Little Bold John Succumbs to Colic at 21

Little Bold John, one of the most popular horses ever to race in Maryland and one of the most prolific stakes winners in North America, died Jan. 21 after a bout of colic at Weston Farm in Upper Marlboro, Md. He died in the same field where he romped as a baby, outside the barn where he was born 21 years and two days earlier.

Bred by the venerable Hal C.B. Clagett and trained by Jerry Robb, Little Bold John competed 105 times during nine seasons, winning 38 races, of which 25 were stakes. That ranks him fourth in stakes victories among thoroughbreds in North America behind Native Diver (34), John Henry (30), Who Doctor Who (26) and tied with Stymie (25).

In a 1997 interview with the Baltimore Sun, Robb said that Little Bold John, who earned $1,956,406, was the best horse he had ever trained.
"Not only that," Robb said. "I think he's the best horse we ever had in Maryland. I could run him short, long, on the turf, the dirt, in the mud, and he'd win anyway. That makes him special over any horse I've ever seen."

Little Bold John overcame injuries and raced. He even overcame retirement and raced. Robb tried to retire him a couple of times, but Little Bold John rebelled against farm life and persuaded Robb to put him back into training.

Finally, Robb had no choice but to retire the gallant gelding.

"His last race, he hurt himself about the quarter pole and dropped back to third or fourth," Robb said. "He pulled his suspensory ligament.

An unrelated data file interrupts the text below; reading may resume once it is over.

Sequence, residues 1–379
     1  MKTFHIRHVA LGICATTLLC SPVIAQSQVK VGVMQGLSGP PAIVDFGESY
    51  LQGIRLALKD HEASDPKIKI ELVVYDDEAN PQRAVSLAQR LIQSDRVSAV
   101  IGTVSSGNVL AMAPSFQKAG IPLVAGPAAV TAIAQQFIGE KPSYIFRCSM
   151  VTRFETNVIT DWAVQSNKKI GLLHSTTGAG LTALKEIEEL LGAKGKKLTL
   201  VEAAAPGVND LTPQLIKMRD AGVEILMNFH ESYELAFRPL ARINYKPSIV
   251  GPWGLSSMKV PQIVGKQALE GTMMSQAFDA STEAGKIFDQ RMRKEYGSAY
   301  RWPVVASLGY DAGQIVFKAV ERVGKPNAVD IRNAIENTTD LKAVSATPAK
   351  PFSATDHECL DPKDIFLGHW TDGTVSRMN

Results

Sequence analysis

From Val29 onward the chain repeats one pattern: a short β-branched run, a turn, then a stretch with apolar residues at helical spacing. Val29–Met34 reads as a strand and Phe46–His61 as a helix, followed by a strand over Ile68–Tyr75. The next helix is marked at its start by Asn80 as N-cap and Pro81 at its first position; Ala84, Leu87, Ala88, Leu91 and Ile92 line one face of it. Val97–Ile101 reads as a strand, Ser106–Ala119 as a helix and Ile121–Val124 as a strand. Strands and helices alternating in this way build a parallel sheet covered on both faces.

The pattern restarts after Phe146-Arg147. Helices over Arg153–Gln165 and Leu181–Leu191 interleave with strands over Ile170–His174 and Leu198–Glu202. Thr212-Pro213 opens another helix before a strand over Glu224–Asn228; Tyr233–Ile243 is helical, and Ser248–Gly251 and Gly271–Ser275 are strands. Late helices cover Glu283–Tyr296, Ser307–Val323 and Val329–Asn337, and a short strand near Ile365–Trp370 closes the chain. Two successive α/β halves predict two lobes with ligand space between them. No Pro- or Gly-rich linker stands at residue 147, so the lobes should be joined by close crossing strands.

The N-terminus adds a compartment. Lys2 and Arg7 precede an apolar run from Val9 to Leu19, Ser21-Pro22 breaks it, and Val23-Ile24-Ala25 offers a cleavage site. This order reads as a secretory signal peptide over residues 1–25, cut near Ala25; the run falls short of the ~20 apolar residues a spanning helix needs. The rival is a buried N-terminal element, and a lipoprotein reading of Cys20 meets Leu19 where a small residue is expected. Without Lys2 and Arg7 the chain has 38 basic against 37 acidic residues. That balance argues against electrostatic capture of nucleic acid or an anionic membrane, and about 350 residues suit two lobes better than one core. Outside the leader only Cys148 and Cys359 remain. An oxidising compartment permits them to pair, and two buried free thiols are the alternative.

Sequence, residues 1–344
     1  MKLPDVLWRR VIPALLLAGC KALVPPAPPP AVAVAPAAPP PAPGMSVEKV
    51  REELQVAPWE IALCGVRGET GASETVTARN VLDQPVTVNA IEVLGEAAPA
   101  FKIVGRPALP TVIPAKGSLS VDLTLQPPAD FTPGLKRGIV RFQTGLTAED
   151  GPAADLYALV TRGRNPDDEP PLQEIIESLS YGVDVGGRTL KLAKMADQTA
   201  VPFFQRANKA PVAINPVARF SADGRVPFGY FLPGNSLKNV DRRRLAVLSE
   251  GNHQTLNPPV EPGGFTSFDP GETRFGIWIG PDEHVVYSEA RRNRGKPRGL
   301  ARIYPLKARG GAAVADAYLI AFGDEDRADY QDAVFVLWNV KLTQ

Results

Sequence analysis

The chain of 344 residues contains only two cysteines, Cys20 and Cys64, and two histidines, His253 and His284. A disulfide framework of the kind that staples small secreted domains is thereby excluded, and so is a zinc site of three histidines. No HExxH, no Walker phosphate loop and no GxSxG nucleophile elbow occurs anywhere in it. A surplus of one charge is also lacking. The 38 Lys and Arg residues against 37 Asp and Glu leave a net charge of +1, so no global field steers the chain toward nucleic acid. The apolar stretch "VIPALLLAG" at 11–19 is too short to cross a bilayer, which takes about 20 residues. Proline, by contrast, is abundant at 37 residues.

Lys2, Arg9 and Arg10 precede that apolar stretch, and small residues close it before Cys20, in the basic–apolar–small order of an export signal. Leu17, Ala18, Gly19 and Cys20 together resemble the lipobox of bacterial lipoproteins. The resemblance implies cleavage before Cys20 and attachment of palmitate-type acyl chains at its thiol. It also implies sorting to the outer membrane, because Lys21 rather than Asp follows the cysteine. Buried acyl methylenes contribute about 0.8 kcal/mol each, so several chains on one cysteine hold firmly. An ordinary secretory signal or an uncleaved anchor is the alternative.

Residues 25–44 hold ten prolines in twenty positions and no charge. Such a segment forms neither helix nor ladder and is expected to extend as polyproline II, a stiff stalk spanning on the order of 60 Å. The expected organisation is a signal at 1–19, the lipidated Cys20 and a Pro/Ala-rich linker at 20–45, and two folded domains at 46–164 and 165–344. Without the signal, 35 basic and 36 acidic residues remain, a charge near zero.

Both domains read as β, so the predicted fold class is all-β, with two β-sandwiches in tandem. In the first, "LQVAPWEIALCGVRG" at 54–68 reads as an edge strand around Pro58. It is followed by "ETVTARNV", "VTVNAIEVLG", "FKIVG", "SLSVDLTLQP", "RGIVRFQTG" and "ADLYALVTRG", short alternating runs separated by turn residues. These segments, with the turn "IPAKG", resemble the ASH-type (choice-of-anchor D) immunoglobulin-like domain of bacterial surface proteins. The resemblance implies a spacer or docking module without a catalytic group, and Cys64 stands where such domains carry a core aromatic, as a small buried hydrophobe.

"Most horses, when they get hurt, pull up. But he came back to win the race, like he was three-legged. After that, I knew he'd end up killing himself if I kept running him."

Little Bold John's final race was Halloween 1992 at Pimlico. He was 10, having raced every year since 1984 when he was 2. His biggest win came at Gulfstream Park in the Donn Handicap when it was a Grade II stakes worth $147,600. Little Bold John paid a record $113.80 to win.

He won two $200,000 stakes in Maryland, but mostly, as Robb put it, his nearly $2 million in earnings came the hard way, "$50,000 at a time."

Fans lined the paddock and winner's circle to cheer for this brave horse with the catchy name. One woman for years sent sugar cubes, his favorite snack, to the stable gate. The parents of a young man killed in a car wreck called Robb asking for photos and mementos of Little Bold John for display at the funeral.

"They said he was all their son ever talked about," Robb said.
A breeder of horses for more than half a century, Clagett, 86, took particular pride in breeding Little Bold John. The horse far exceeded the accomplishments of his dam, Little Bold Sphinx, and his sire, John Alden.

Clagett sold Little Bold John after his fourth start to Jack Owens, an Anne Arundel County businessman. Robb, who remained as trainer, bought Little Bold John from Owens in 1990 and then, in 1996, gave him back to Clagett.

Clagett said Little Bold John had been as rambunctious as ever up to the end, romping in his hillside paddock with other horses. Never forgetting that he was Little Bold John, the gelding held his head even higher in the snow.

"When that fell he acted as if it was raining glory on him," Clagett said.

About midnight Jan. 20, Little Bold John began showing signs of abdominal distress, indicating colic. He died about 6 a.m. the next day. He was buried along the fence line where, eventually, a monument could be erected, Clagett said.

No better epitaph could be written for Little Bold John than the "Daily Racing Form" headline in 1992, the year he finally had to give up racing: "Courage, thy name is 'John'."

Read more about Little Bold John in Barbara D. Livingston's Old Friends.